Published weekday mornings as the coffee brews
right angle??? :)
I would have thought that, given the title, there would be an inverse relationship between the strength of the economy and the number of moving trucks available.
Barring peculiar choice of scale, I agree with anonymous.
Actually, I would rather expect more of a parabola. A poor economy means a lot of people moving out, a great economy means a lot of people moving in, while anything in between would give a more stable population.Or, it could be more of a statement on the sort of prosperity treadmill aspect of middle-class suburbia, where as soon as people can afford to move on up to the east side, they put a down payment on their deluxe apartment in the sky.
The example is California in the early 90's where moving trucks headed out of state full and in-state empty.
Um, I rhink the keyword is *available*. When the economy is poor, more people are evicted/downsized/moving in with family, thus depleting the supply of available moving trucks. Conversely, when they economy is doing well, generally people try to keep status quo and stay put. A few people move, but the overall supply is not much affected. Also, rich people don't use moving trucks...they just have helicopters move their entire home in one piece, or just buy entirely new furniture, etc., so you don't have to factor them in for either case.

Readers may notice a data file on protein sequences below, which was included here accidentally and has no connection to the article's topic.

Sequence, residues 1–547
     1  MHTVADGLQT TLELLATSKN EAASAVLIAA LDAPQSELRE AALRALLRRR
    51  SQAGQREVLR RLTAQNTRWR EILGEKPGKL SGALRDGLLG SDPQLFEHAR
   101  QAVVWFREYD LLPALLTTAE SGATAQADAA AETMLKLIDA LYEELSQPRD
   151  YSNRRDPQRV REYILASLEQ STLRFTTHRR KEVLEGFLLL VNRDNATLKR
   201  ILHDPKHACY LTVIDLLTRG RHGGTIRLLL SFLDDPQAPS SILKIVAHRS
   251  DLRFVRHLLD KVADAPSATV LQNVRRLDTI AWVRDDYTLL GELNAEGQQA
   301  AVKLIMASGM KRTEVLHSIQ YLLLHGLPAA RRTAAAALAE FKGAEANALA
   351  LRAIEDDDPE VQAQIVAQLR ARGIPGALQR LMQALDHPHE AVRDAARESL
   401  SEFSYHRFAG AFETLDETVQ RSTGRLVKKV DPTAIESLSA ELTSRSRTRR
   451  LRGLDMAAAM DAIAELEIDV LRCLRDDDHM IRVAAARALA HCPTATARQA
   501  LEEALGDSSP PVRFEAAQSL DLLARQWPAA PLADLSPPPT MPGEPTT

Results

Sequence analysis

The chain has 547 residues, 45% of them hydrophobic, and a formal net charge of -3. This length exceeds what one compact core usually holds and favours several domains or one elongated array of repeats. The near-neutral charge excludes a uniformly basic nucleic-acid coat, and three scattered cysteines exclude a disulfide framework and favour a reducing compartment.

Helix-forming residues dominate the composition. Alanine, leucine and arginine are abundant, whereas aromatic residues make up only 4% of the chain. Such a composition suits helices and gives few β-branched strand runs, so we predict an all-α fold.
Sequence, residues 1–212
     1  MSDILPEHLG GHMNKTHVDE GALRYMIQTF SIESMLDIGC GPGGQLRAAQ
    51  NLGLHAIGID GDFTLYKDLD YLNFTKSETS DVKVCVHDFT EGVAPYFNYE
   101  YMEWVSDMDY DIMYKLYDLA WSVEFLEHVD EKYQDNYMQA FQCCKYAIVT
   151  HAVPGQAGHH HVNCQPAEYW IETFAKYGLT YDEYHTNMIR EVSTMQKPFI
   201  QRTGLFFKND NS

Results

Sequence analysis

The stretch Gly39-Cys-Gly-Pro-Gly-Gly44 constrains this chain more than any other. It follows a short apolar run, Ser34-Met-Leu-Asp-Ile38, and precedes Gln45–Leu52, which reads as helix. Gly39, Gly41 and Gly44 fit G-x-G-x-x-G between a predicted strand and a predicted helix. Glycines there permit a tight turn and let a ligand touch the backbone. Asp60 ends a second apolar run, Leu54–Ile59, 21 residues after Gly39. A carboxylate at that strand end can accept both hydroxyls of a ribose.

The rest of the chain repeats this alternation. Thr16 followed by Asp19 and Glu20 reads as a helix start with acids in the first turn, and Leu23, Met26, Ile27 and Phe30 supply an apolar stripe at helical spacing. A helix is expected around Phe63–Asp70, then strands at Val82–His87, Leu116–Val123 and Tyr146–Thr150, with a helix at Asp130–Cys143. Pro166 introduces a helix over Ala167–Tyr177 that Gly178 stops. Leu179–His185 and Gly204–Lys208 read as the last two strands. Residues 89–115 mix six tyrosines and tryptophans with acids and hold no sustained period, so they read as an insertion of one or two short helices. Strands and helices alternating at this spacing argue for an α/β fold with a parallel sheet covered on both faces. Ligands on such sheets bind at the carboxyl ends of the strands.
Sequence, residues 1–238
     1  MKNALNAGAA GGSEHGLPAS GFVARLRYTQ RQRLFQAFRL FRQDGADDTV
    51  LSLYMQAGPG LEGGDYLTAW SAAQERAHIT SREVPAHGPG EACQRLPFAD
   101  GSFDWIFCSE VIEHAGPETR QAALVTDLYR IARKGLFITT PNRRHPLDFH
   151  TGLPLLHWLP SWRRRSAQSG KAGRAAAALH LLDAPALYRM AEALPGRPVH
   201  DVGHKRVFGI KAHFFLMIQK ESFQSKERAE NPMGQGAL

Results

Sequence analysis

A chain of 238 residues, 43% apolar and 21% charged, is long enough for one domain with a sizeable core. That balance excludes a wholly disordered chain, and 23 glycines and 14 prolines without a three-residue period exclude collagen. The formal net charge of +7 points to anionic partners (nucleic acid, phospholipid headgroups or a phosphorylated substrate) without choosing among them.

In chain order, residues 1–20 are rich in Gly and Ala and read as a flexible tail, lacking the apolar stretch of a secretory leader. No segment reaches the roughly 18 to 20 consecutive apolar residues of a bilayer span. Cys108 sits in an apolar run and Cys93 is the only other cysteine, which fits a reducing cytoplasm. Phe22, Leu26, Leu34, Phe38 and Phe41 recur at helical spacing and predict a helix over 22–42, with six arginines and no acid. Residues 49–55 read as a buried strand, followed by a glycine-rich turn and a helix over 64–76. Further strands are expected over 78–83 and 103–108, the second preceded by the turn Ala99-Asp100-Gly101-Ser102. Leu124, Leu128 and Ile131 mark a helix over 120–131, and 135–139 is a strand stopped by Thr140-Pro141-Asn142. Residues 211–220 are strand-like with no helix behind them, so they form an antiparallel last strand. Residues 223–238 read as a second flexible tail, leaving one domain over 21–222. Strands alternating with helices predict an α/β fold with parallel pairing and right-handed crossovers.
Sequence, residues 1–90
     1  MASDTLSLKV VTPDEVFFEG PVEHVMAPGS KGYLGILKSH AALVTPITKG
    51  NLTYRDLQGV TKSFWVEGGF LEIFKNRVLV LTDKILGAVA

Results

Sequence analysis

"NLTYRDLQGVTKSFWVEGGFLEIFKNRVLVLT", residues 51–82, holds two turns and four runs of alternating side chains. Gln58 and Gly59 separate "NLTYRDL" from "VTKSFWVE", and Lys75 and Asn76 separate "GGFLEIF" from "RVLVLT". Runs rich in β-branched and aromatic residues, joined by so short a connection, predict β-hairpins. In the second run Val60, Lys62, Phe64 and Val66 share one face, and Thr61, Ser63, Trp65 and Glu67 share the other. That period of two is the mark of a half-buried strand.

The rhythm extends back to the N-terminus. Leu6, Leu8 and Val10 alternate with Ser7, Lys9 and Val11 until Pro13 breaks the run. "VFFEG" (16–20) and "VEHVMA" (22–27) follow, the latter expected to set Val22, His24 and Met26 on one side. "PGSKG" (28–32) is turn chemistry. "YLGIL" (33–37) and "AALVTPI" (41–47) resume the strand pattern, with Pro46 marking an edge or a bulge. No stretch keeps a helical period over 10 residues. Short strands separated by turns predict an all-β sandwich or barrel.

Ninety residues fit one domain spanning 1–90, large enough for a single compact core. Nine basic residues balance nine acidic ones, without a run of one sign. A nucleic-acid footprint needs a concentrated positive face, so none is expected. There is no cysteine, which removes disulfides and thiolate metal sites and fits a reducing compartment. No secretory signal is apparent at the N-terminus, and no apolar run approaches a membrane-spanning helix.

Anonymous, you are probably correct. Still, very confusing chart.
I don't think it's a confusing chart. The way I interpret it a strong local economy leads to many jobs and thus an increased mobility where people search for new opportunities and move more frequently in order to pursue them. And where on the other hand an inflexible economy means that you either have nowhere to go or that you're holding on to what you have for dear life.
California is still losing natives at a huge rate. U-Hauls from California to the east are $2000ish, while into California are <$500, just so they can get some trucks back into the state.
Okay. Strong economy. Lots of folks coming in. Nobody leaving. Many trucks Available. An analogy from the 1800s is how New Orleans was built from the trees making up the flatboats that all the farmers upriver made to float their farm produce to New Orleans, outlet to world markets for the entire middle of the country. And, being flatboats, it was a one-way trip... just like trucks to a strong economy.
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